Castalian band (act. 1584–1603) is the name, derived from a spring on Mount Parnassus sacred to the muses, that was given to the group of poets at the Edinburgh court of James VI and I who contributed to that king's cultural programme in the period preceding the union of the Scottish and English crowns in 1603. The broad aims and ideals of the coterie are contained in the king's own Essayes of a Prentise in the Divine Arte of Poesie (1584).
The Castalian Band is a modern name given to a supposed grouping of Scottish Jacobean poets, or makars, which is said to have flourished between the 1580s and early 1590s in the court of James VI and consciously modelled on the French example of the Pléiade. Its name is derived from the classical term Castalian Spring, a symbol for poetic inspiration. The name has often been claimed as that which the King used to refer to the group, as in lines from one of his own poems, an epitaph on his friend Alexander Montgomerie:
Quhat drowsie sleepe doth syle your eyes allace / Ye sacred brethren of Castalian band
(The Poems of King James VI of Scotland, ed. James Craigie, 2 Vols. Scottish Text Society, 1955 and 1958.)
The notion of the 'Castalian band' in 20th century scholarship derives in the main from the book Song, Dance and Poetry at the Court of Scotland under King James VI by Helena Mennie Shire (Cambridge University Press 1969). It was H.Mennie Shire and her collaborator Kenneth Elliot - who had produced The Music of Scotland (Cambridge 1964) - who drew particular attention to the verse lines by James, remarking that "It has been well suggested that King James' name for his poets at court, or their name for themselves, was 'the brethren of Castalian band.'" However, apart from this verse, no scholar has produced any clear evidence for any such self-aware grouping. Nevertheless, other writers (and numerous websites) have seized on the concept. In a celebrated article from 2001, the reputed literary scholar Priscilla Bawcutt examined the claims closely, and - in the opinion of most modern authorities - demolished them.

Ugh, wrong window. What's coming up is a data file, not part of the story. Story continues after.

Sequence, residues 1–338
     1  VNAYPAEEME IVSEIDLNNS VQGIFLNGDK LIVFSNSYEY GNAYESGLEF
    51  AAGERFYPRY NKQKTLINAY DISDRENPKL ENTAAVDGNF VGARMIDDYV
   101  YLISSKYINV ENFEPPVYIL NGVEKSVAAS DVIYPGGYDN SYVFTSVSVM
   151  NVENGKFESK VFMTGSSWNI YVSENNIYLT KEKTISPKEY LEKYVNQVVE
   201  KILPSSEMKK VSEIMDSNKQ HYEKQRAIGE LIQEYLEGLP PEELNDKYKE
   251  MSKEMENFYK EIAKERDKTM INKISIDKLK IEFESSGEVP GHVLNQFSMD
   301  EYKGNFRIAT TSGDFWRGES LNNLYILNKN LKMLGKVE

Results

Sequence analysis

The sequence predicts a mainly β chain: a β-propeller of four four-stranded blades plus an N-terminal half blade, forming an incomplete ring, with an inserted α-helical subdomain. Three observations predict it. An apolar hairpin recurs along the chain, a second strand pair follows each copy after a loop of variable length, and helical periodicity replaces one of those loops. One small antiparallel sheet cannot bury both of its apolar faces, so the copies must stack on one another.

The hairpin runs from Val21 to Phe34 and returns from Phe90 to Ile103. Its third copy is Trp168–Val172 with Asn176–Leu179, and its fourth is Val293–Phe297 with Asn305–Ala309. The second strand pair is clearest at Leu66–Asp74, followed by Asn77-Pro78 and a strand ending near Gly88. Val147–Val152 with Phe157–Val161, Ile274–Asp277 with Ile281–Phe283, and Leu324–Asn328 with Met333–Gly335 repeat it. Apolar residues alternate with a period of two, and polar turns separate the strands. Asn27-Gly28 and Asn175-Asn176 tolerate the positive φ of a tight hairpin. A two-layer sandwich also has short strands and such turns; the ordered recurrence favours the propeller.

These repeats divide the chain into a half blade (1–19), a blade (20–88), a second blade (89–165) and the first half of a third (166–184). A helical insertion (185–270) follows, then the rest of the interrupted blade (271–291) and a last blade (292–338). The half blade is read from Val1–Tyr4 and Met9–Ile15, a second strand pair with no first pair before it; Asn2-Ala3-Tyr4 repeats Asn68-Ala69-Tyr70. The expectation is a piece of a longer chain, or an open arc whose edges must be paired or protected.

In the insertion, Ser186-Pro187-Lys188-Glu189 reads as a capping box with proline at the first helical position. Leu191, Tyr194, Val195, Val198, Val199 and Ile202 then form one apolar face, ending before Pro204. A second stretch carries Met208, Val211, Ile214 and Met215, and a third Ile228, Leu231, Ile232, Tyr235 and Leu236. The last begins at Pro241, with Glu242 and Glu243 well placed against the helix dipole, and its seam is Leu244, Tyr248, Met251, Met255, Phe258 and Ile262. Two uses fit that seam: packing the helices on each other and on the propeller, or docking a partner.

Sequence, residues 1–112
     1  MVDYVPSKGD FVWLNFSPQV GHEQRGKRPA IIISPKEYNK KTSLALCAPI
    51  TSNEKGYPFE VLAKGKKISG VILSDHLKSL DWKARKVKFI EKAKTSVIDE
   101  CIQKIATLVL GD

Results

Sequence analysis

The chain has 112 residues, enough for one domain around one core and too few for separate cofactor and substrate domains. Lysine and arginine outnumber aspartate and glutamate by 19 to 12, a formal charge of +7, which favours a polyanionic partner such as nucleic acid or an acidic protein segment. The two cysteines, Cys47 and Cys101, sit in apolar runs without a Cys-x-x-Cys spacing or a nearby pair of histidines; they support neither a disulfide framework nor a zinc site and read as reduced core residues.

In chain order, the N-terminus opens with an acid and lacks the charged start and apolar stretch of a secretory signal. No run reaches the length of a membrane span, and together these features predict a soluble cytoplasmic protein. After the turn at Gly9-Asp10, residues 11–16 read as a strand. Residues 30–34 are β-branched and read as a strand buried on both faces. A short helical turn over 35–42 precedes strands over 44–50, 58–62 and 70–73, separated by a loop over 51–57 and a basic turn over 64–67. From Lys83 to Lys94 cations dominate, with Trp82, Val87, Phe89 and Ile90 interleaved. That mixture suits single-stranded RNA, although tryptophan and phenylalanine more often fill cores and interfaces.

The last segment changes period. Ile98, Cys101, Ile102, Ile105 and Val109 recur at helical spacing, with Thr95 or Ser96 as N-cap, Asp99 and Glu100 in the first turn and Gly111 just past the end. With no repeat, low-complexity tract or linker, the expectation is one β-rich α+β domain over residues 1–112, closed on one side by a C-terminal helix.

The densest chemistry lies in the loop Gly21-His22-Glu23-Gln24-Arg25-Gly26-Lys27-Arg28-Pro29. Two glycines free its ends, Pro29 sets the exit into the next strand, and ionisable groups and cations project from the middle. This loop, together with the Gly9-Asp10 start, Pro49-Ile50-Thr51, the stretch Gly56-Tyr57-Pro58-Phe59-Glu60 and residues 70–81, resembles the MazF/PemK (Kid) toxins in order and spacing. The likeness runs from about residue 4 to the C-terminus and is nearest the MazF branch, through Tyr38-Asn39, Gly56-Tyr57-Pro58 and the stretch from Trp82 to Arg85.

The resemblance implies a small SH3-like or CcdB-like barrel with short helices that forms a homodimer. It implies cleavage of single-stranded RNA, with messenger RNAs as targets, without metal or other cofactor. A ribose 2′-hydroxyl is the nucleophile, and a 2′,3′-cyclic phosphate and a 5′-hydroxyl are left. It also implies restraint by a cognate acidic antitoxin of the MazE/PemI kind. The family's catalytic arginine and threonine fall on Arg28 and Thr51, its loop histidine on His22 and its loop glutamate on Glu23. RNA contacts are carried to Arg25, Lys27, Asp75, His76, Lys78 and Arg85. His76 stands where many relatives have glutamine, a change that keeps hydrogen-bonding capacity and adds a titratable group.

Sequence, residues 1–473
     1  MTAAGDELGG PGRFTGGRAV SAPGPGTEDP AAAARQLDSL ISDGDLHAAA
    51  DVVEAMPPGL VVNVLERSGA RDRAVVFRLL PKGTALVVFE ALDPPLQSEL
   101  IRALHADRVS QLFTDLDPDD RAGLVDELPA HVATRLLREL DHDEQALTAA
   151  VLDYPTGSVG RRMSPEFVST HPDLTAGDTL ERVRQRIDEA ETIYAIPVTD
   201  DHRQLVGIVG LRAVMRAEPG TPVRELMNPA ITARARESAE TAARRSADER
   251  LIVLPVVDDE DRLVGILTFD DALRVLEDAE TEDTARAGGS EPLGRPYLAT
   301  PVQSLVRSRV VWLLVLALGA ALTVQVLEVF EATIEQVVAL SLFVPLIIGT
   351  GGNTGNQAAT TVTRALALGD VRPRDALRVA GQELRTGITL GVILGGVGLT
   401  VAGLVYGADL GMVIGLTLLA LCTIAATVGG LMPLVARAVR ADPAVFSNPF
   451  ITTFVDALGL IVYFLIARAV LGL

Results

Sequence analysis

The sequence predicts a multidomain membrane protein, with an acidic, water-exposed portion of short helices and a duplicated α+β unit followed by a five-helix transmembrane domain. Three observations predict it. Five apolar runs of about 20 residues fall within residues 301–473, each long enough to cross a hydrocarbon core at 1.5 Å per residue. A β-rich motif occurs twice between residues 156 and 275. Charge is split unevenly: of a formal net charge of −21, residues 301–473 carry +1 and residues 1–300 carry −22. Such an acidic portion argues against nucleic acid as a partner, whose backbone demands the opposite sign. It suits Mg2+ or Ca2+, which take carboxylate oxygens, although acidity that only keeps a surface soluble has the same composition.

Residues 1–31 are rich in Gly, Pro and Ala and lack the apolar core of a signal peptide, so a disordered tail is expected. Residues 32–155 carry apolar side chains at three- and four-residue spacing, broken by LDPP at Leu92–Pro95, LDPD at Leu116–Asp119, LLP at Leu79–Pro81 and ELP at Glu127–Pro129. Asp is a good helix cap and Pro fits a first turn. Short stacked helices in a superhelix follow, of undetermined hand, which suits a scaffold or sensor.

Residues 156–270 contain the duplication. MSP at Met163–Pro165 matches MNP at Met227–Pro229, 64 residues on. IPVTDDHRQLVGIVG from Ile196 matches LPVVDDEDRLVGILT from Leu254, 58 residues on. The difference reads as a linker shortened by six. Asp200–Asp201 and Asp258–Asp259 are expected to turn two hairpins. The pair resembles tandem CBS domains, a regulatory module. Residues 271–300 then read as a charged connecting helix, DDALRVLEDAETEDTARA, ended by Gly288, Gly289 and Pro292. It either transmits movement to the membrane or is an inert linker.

The persistance of the idea of the Castalian Band has its own interest - as Bawcutt noted, suggesting that it is grounded in a desire to identify a strong Scottish renaissance culture. Poetry, and more especially song, had suffered as a result of the Reformation of the Scottish Protestant church concluded in 1560, and it may have seemed desirable to offer a more positive image for the later 16th century.
Whether or not there ever was such a grouping as the Castalian Band, there may well have been gatherings of poets at James' court. The activities of these poets is known to a limited extent.
The principal literary figure to be directly associated with the court was Alexander Montgomerie. Music may also played an important part in performances; some of the poems of Montgomerie and others are known to have been set as song.